Familiarity breeds contempt. I suspect you've heard that saying before. But I've got another one. Familiarity breeds contextual blindness. It's not nearly as catchy, but let me share what I mean. Living as we do in Western North Carolina, I sometimes overlook the extraordinary beauty all around us. In fact, not too long ago, I looked out of our back window and saw a mountain. I exclaimed, “Look at that beautiful mountain,” and my wife said, "It's always been there." Well, of course, she was right. But in my contextual blind- ness bred by familiarity, seeing it every day, I lost sight of its presence. We all know that feeling. Such flawed familiarity can also lead to broken relationships, taking each other for granted. It can also lead to a broken relationship with our Creator. In the Bible, there is an emphasis on correcting this sinful and fallen condition. In Isaiah forty-five, verses eighteen and nineteen, God reminds us through Isaiah's message to Israel that He is here. Israel needed to hear that in their day, and we need to hear that today. God says if you seek Him, you will find Him. The Bible tells us that God is omnipresent. He is every- where. And that means He's close to you. God speaks to us so that we can know He is there. And so that we can believe both intellectually and volitionally, that is, by our will. I believe, I follow. So, God speaks, but how does He speak? We learn from this passage He speaks in at least two ways.

The first way is this:

I. God speaks through His world.

Look at verse eighteen. In this great passage from Isaiah,

“For thus says the Lord. Who created the heavens. He is God. Who formed the earth and made it. He established it. He did not create it empty. He formed it to be inhabit- ed. I am the Lord and there is no other.

God speaks through His world. The Bible says that the heavens declare the glory of God. Indeed, we see all around us evidence of God's handiwork and evidence of de- sign, and yet even the most brilliant scientists have fallen into contextual blandness. Fa- miliarity has bred contempt for God. How do we explain the magnificence all around us, except for God?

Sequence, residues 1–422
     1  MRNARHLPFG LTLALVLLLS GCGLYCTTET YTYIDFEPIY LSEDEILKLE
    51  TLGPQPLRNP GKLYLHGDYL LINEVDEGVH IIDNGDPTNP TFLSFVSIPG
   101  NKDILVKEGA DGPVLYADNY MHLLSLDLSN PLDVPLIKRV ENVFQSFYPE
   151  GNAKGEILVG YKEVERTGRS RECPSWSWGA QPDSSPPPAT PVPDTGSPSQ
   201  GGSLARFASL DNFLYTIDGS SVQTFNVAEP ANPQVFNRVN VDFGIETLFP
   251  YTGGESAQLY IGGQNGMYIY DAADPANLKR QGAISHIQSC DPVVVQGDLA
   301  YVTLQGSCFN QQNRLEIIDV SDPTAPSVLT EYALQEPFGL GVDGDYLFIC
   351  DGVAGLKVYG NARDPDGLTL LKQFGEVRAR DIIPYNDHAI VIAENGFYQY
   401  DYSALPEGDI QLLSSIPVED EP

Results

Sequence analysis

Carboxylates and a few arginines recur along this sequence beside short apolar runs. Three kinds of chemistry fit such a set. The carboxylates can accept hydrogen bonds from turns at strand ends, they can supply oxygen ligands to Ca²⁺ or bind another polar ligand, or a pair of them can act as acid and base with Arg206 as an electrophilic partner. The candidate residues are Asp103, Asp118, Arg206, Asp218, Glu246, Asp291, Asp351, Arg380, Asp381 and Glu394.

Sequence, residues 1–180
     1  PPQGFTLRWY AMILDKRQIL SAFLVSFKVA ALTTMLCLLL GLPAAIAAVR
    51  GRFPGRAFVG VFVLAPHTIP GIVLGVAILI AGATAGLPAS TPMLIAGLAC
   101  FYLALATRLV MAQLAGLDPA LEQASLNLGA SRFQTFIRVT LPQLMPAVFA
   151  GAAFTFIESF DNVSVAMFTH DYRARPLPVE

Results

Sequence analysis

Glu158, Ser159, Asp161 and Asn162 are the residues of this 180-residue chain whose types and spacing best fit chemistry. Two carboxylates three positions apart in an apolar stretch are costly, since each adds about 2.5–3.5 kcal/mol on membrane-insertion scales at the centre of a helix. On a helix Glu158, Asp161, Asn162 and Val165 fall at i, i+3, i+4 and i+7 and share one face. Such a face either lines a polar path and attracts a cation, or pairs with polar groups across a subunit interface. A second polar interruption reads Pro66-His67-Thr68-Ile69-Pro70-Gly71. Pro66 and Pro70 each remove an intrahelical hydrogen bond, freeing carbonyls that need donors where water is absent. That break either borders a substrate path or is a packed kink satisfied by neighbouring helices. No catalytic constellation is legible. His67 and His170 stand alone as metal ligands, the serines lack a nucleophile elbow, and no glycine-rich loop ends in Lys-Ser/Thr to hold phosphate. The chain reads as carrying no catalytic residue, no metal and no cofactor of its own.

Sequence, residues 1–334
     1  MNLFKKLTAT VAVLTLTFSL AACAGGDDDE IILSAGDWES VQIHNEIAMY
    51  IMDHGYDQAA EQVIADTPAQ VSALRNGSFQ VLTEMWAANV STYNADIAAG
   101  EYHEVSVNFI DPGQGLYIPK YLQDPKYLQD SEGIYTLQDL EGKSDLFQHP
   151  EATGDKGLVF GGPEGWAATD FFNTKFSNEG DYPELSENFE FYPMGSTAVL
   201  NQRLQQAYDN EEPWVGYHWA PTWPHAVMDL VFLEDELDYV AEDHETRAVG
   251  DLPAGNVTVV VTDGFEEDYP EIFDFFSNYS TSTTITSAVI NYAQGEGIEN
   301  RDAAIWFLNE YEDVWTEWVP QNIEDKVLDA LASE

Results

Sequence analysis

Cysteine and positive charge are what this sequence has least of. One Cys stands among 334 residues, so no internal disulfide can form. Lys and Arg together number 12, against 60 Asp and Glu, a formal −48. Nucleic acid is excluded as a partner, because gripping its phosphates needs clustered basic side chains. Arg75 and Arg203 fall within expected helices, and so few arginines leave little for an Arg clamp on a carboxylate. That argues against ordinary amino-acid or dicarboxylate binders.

Not too long ago, my wife and I were traveling on a highway between our home and an- other town, and we were going along this beautiful river on one side and a mountain on the other. And I looked into the mountainside. My wife was driving (so don't worry, I was not looking at the mountain while driving on a curvy mountain road). As I was looking at it, I saw that there were perfectly proportioned layers that obviously, at one time, were laid down one upon the other and then hardened. I mentioned to my wife that accord- ing to (even secular) geologists, each of these layers, if we were to break them into pieces, would contain fossilized evidence of marine creatures, with land creatures. How can that be? Well, let me see: Oh yeah! The flood. And yet the Bible tells us, in fact, it’s Peter who tells us that in the last days, they’ll come scoffers, And they’ll claim that Oh things have always been as they are now, Denying the flood, denying the resurrection and therefore denying the judgment. But the Bible says there was a flood. And the Bible says there is judgment for sin All of the world stands as a testimony to the fact that God is here. He is involved with His creation. He created the world to be inhabited. People are not alien to Earth. The Earth was made for the glory of God and for His people. It's important for us to remember that. It's important for us to take notice because when we do, when we don't give in to contextual blindness, we come to see that God is there My beloved friend, God is here. And if you are listening to this now, feeling lonely, feeling isolated, I want you to look at the heavens. Look at the beauty of the trees. Look at the beauty of the rivers. Look at the world around you. Breathe in the oxygen that sustains you. It didn’t just come together randomly across billions of years; It came together ac- cording to the Bible and according to all the evidence that we see because God desired it. Because God is the Lord, and there is no other. And so God speaks to us if we listen and observe through the world that He created.